American Mythology– You Can Be Whatever You Want to Be

When I was young (and foolish), I wanted to be Spiderman, or at least a reasonable facsimile thereof. I even once leaped off a large dollhouse in the backyard of a neighbor, to impress a girl. I broke my arm. It was a crystalizing moment for me at nine years of age. I realized there were limits to what I could be despite the Army poster then in vogue with the slogan 'Be All You Can Be'. There were various things I couldn't be, and one of them was Spidey, the old webslinger. Some fantasies … [Read more...]

Alister McGrath’s C.S. Lewis: A Life: Part Eleven

Ben: One of the upshots for me of reading your engaging book is that it confirms that I am a literary dinosaur fixated on close reading of primary sources, and a man of Renaissance reading habits, since I underline and star etc. real books still with regularity, including yours. I am wondering what you think Lewis would say to our Internet surfing and Googling students of theology were he asked to comment on this increasingly ubiquitous phenomena even in seminaries and doctoral programs? Have … [Read more...]

Alister McGrath’s C.S. Lewis: A Life– Part Ten

Ben: I was a bit surprised to hear your analysis on p. 300 of Lewis being something of a Platonist, following, you suggest, the author of Hebrews. I don’t really think that works as an analysis of Hebrews since both the shadows and substance transpire on earth, and the really real is on earth and also in heaven. For instance the death of Christ is on earth as the sort of antechamber to heaven where Christ applies the blood and intercedes for us. What happens in this world is not a mere shadow o … [Read more...]

Alister McGrath’s C.S. Lewis: A Life— Part Nine

Ben: Lewis makes an important distinction between the imaginary and the imaginative and insists his fiction is of the latter sort. Help us to better understand what he means by this, and why he also says you can look at his fiction as a spectacle, or as a set of spectacles through which we see the ‘real’ world in a new way.Alister: Lewis saw the imagination as operating according to some deep principles, which meant that it had the potential to lead us to the source of our hearts’ desire. He … [Read more...]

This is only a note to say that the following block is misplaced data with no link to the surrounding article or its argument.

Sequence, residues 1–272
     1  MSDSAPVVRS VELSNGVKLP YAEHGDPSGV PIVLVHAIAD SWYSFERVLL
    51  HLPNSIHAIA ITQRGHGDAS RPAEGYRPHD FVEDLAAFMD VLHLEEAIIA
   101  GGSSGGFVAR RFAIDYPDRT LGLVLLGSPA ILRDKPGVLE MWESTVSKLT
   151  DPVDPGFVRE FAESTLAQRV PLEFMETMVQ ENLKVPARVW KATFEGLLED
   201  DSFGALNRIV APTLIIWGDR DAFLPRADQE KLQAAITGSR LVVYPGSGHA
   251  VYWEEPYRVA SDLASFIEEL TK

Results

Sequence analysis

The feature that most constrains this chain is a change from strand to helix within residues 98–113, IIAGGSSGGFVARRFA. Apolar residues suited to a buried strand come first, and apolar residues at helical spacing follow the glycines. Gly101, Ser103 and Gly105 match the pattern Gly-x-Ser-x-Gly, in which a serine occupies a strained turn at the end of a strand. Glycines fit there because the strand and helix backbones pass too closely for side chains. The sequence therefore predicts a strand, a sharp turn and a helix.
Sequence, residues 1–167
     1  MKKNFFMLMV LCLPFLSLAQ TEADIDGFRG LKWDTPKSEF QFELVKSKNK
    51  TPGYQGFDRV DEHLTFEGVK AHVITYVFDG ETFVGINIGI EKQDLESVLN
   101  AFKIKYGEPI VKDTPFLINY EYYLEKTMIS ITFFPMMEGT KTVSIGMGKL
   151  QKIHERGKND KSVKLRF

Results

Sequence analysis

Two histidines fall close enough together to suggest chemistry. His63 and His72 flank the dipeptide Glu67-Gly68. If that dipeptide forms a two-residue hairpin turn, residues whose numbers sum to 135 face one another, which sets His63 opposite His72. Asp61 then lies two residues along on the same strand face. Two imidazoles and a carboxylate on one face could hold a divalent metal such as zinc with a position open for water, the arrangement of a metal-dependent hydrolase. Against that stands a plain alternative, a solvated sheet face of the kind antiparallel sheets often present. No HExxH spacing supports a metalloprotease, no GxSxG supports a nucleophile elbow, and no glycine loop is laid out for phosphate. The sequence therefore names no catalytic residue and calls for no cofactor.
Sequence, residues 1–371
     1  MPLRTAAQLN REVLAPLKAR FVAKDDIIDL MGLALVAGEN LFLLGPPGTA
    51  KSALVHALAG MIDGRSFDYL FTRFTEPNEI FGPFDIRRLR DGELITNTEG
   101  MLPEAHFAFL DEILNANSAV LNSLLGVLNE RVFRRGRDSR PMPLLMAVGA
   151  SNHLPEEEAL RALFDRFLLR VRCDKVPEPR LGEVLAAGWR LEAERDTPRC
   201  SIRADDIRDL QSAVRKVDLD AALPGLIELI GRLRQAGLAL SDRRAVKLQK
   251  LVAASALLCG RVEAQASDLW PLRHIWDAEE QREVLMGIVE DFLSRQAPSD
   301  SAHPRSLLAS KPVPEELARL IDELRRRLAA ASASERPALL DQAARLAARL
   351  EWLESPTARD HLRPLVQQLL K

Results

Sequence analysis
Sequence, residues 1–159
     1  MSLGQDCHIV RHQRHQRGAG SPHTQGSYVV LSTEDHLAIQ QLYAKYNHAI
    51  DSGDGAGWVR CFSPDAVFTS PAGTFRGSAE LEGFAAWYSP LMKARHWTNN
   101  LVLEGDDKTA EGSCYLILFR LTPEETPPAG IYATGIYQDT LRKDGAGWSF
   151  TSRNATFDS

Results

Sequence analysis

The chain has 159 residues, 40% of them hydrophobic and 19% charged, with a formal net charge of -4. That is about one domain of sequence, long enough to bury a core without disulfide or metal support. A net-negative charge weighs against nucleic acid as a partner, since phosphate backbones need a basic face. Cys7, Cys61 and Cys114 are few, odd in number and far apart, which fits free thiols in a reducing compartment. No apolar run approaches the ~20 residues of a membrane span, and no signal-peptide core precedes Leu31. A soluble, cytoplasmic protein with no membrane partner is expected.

A.D. The Bible Continues– Episode Six

At the very end of episode 5 of A.D., we were introduced in a most effective manner to Saul of Tarsus, present at the stoning of Stephen. In this episode, Saul takes center stage. It is easy, too easy, especially for Protestant to ignore or forget about the man Paul was before Damascus Road. At a minimum various texts tend to be glossed over in the rush to making Paul the Proto-Protestant and hero of the Reformation spirit. It's in order then to remind ourselves of Paul's own testimony about … [Read more...]

Mother’s Day– a Methodist Invention

Anna Marie Jarvis was in many ways a remarkable woman. Born near the end of the Civil War (in 1864), she grew up in a staunch Methodist Episcopal family in West Virginia, born in Webster, and later in childhood living in Grafton. One of 13 children, of which four survived to adulthood, her life revolved around church and her mother, to whom she was utterly devoted. Anna Jarvis, like many Methodist women after the Civil War was an activist in both her Andrew ME Church, and in the community, and … [Read more...]

Alister McGrath’s C.S. Lewis: A Life— Part Eight

Ben: Lewis has often been touted as the great Christian apologete of the 20th century. What struck me in reading your discussion of this is that you were certainly well positioned to critically evaluate the merits of what he wrote and said of this nature, since you’ve done a fair bit of apologetics yourself. Now that we are in a more post-modern and post-Christian era in the West, in what ways does Lewis’ approach look dated, and in what ways still helpful? (N.B. It has struck me as very odd tha … [Read more...]

Alister McGrath’s: C.S. Lewis: A Life– Part Seven

Ben: 6) Chronological snobbery is a phrase we find at various points in Lewis’ work. It seems that this concept is even more relevant now than ever in the age of rapid technological turnover where the latest is the greatest and the newest is taken to be the truest. How does Lewis’ approach help us to combat historical and theological and even literary amnesia?Alister: This is a critically important point, given our culture’s obsession with novelty and the “latest research” – which is so oft … [Read more...]

Alister McGrath’s C.S. Lewis: A Life– Part Six

Ben: I was reading along on p. 70, and read these lines from Lewis “Whenever you are fed up with life, start writing: ink is the great cure for all human ills”. A line you give in the context of discussing his war poems. I have to say this certainly corresponds with my own experience when we suddenly lost Christy our eldest child at 32 to a pulmonary embolism. My way of coping was to write a poem about this, and then reflections on grieving entitled ‘When a Daughter Dies” which apparently has he … [Read more...]